The automation what-for

Today, our developers and testers were asked to justify the use of test automation - a surprising question after we’ve invested 5 years in writing automated test cases.

The challenge was to prove the value in continuing to automate our test cases, on the basis that it should be up to scrutiny if the value really does exist.

So we tried…

  • Automated tests are repeatable and consistent
  • Automated tests and testing platforms can be easily scaled as the code base grows
  • Automated tests can be executed concurrently against many environments
  • Automated tests can provide rapid feedback on system/code changes

Of course, the same isn’t true for manual testing

  • Manual tests can be unpredictable
    • different testers may produce different results
    • testers may use workarounds to avoid some bugs
  • Manual testing isn’t scalable - employing more people is the only option
  • An individual tester can only (sensibly) test one environment at a time
  • Manual tests are slow - feedback might take days, weeks or months

But these weren’t the right answers.

We couldn’t understand why.

So, lets have a closer look at automation…

What is automation?

Automation, by definition, is:

the technique, method, or system of operating or controlling a process by highly automatic means, as by electronic devices, reducing human intervention to a minimum

Originally used circa 1940, the word was an irregular formation combining “automatic” and “action”, but process automation had become a well established practice long before then.

Everything from manufacturing and agriculture to construction and transportation - in modern history, humans have automated nearly every aspect of their lives.

On an industrial scale the benefits are immediately obvious. A farmer wouldn’t employ manual labour to plough fields any more than a car manufacturer would employ manual labour to assemble cars.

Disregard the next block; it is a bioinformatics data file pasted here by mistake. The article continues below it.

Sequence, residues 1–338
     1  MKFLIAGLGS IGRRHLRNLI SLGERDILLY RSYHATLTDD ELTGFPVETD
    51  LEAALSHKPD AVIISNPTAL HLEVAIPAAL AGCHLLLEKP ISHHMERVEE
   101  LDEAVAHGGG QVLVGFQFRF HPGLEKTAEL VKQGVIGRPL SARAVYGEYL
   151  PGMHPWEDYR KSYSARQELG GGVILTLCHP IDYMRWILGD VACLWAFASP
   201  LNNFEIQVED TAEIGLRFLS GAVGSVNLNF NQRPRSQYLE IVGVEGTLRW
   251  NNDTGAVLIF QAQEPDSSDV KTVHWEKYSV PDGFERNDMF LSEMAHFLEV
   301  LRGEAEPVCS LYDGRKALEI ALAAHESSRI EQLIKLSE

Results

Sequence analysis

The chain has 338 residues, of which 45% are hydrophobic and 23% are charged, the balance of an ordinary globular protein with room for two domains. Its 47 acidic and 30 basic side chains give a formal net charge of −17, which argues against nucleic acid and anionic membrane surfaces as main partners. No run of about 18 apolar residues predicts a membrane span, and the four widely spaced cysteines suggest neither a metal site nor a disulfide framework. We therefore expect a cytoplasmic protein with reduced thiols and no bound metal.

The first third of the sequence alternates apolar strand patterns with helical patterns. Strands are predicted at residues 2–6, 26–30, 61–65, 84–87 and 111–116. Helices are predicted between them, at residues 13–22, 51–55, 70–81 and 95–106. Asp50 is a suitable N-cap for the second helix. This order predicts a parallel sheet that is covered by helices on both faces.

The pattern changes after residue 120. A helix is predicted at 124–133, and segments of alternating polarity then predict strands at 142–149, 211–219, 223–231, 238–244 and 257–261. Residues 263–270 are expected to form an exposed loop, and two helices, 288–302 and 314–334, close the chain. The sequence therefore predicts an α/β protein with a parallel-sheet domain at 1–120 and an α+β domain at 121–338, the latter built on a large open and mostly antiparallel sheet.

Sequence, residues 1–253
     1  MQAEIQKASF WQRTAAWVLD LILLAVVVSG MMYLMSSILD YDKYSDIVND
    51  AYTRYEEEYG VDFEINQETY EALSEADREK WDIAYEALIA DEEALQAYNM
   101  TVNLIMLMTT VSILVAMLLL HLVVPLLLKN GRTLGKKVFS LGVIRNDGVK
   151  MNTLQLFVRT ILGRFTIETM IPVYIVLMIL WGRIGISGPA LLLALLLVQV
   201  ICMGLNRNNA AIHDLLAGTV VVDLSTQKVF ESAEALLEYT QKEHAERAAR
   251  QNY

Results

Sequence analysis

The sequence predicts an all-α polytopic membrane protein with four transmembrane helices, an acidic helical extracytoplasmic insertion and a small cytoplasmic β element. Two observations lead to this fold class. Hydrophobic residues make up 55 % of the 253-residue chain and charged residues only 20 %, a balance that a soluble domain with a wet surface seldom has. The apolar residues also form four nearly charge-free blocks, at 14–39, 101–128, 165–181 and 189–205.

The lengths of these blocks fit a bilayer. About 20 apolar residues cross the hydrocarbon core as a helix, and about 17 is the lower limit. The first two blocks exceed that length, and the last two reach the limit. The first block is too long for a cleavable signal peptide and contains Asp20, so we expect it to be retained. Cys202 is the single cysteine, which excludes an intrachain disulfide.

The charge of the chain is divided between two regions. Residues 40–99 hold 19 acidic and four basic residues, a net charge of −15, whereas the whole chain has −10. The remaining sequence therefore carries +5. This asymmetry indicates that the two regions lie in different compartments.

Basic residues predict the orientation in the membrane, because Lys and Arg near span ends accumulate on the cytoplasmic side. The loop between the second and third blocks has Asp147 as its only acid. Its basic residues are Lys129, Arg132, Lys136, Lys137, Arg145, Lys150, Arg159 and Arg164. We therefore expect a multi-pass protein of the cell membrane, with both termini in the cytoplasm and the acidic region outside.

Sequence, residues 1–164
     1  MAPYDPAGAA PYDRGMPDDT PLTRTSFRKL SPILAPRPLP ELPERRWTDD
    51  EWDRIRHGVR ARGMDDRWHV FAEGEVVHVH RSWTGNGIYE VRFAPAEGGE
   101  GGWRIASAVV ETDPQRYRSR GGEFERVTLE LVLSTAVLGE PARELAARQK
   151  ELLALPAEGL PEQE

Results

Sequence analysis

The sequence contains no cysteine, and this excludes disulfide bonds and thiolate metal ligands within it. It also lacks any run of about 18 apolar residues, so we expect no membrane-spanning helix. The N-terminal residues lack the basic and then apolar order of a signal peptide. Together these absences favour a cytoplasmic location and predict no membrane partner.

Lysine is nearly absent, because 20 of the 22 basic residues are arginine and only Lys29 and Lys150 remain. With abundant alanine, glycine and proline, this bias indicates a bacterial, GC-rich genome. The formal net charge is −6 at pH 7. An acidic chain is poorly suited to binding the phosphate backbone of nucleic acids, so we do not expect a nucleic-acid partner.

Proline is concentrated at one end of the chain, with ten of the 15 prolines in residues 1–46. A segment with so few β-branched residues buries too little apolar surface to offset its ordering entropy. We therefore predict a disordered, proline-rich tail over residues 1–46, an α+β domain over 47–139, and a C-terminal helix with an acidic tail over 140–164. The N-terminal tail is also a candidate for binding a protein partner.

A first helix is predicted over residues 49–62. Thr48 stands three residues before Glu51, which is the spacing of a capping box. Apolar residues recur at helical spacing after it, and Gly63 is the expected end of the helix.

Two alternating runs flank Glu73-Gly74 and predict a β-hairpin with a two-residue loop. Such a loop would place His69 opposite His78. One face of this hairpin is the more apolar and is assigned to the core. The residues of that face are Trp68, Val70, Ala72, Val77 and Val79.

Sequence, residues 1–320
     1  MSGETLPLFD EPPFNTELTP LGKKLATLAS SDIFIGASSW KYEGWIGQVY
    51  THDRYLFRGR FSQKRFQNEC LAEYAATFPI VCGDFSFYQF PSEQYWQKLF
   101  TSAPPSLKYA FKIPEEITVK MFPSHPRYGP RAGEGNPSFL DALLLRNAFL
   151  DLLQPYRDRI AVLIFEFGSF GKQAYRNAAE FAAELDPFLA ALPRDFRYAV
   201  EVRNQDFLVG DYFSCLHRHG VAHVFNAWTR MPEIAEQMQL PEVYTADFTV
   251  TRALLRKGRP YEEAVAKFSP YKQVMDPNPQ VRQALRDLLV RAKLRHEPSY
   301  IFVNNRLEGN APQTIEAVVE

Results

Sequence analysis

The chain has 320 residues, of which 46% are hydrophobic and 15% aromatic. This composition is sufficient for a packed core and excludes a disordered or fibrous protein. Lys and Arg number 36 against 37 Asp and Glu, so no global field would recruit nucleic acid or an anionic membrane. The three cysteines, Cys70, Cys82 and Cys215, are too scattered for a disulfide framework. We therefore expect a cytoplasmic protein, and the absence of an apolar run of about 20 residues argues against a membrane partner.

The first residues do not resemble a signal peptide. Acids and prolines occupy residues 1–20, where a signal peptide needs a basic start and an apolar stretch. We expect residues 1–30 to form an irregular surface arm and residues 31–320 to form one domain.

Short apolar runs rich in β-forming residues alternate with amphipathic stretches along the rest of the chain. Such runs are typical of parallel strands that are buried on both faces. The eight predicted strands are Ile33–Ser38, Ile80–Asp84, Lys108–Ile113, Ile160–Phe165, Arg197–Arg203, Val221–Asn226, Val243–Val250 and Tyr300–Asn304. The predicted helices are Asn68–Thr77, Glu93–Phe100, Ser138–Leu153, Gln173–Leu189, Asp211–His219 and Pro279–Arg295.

The return on investment (ROI) for the automation of these processes is clear - though of course it wasn’t in the decades leading up to the industrial revolution.

Why do we automate things?

There are many reasons to automate processes - some are purely economic while others are psychological.

  • Simple or boring tasks (paying bills)
  • Time consuming tasks (washing dishes)
  • Beyond our physical capability (lifting shipping containers)
  • To reduce cost (human labour)
  • To reduce risk (bomb disposal robots)

In all cases, our ability to automate something is limited by our mental capacity to perform that task. We can only automate the things we understand, that are simple enough and repeatable enough. We can’t easily automate tasks requiring creativity or emotion.

For example, we can easily automate opening a shop door (we could do it manually), but we would find it difficult to automate brain surgery (most humans couldn’t do it even manually) or software engineering (many have tried).

But sometimes, even when a process can be automated, we decide not to.

Why do we choose not to automate things?

Just as there are some processes we would like to automate, but can’t - there are some processes we could automate, but don’t:

  • Things we enjoy doing
  • Economic cost, e.g. R&D investment is too high or unpredictable
  • Social cost, e.g. unemployment and poverty

Like our ability to automate is limited by our mental capacity to perform a task, our ability to choose not to automate is equally limited by our physical limitations in performing a task (we wouldn’t even consider using human labour to lift a shipping container).

How we decide what to automate

Deciding whether we automate a process comes down to a cost-benefit analysis, determining if the investment required (whether an economic, physical or psychological investment) is worth the benefit we get in return.

As with all cost-benefit analysis, the time-frame over which we calculate the costs and benefits can have a considerable impact on the ROI.

For example, if Ford had only planned to make 1000 cars over a 2 year time frame, then it would be obvious that the ROI on designing, building, testing and deploying an automated car manufacturing process would be terrible, and would probably result in a net loss (or bankruptcy) for the company.

But if Ford wanted to continue producing cars - maybe another 350 million cars over a 109 years - then the ROI becomes far more appealing.